The new title, which will be sent to 300,000 of Golf Digest's wealthiest readers next month and come out again twice next year, eschews golf instruction and celebrities of the sport in favor of -- you guessed it -- lifestyle coverage, all the better to attract luxury advertisers, a key base for most of Conde Nast's titles.
Beyond their own pages
Magazines, of course, are increasingly looking beyond their own pages for ways to sell ads, from creating spin-off titles or TV shows to publishing coffee-table books.
"We have the audience, but this broadens the editorial landscape of Golf Digest," said Thomas J. Bair, VP-publisher, Golf Digest, which primarily tells readers how, when and where to play. "This gives us a whole new approach to luxury automotive, apparel, luxury goods, private aviation."
The first edition of Index includes a story on Seth Waugh, CEO, Deutsche Bank, who was interviewed for the piece by Thomas Friedman of The New York Times. Other pages will address white-collar crime at golf clubs, discuss owning a plane for golf trips and present a fashion portfolio modeled by Matt Lauer and Bryant Gumbel.
First-issue advertisers range from Porsche Cars North America to Grey Goose. Many are new to Golf Digest books entirely, including Sentient Jet, Tourism Ireland, Nasdaq, Ashworth, Peter Millar and Vtech Communications. The issue will include 50 ad pages out of a total 156 pages, including covers.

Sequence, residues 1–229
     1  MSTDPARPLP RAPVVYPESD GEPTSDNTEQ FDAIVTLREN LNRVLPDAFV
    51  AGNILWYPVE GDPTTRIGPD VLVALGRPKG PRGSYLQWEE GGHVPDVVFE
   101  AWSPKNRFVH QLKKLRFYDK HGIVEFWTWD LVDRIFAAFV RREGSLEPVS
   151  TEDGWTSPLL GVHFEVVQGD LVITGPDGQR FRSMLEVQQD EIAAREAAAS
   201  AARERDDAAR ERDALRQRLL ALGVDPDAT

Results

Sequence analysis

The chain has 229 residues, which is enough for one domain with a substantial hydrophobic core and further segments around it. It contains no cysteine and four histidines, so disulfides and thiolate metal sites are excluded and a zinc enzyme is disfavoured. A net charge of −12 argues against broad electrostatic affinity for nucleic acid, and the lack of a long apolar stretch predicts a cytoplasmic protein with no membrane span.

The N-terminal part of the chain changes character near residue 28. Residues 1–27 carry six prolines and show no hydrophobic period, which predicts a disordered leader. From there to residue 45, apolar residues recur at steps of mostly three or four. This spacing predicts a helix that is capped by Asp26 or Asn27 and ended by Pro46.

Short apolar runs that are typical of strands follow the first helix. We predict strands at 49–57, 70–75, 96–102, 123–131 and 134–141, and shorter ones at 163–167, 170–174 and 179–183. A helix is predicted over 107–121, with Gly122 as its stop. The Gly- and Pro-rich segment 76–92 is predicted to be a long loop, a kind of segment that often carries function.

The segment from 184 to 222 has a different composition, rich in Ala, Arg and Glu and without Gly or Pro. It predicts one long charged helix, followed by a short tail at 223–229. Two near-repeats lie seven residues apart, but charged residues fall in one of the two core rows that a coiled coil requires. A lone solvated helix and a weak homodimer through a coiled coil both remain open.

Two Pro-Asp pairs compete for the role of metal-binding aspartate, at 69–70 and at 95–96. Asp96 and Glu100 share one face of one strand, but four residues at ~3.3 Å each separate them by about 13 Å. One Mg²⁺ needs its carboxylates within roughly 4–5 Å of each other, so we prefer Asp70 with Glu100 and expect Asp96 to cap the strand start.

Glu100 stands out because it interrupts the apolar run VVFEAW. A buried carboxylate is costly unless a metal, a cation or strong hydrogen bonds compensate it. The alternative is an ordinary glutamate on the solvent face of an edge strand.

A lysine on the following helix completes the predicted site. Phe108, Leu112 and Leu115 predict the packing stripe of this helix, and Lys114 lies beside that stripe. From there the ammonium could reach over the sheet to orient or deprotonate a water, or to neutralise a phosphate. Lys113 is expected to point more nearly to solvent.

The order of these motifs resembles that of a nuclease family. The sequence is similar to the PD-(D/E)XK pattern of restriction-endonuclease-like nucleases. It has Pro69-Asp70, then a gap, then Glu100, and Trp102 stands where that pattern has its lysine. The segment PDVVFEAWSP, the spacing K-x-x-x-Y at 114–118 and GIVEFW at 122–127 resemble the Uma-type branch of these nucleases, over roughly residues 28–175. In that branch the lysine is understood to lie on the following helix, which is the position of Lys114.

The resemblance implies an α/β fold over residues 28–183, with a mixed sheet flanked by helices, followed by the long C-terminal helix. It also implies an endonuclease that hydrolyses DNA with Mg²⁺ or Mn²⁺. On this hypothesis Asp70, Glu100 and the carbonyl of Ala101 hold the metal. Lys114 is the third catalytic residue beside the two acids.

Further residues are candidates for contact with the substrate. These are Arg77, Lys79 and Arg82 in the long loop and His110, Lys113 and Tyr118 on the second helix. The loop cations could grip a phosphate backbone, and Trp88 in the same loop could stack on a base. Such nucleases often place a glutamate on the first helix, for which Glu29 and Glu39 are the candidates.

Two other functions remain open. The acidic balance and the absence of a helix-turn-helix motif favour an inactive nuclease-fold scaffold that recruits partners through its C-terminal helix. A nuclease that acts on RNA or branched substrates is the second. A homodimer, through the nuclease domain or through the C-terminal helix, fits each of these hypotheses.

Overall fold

Its recipients have already been notified they've made the cut -- household incomes above $320,000 -- and told to look out for Golf Digest Index, which will arrive separately from the mother title.
Whether Golf Digest Index will ever go beyond two issues a year or even spin off entirely remains an open question, to be answered after results are in from the first few issues. "First and foremost, you'll probably see us testing it on newsstand next year," Mr. Bair said. "Slow, methodical, strategic growth is much more important to me than just throwing out a big magazine and collecting all those ad pages."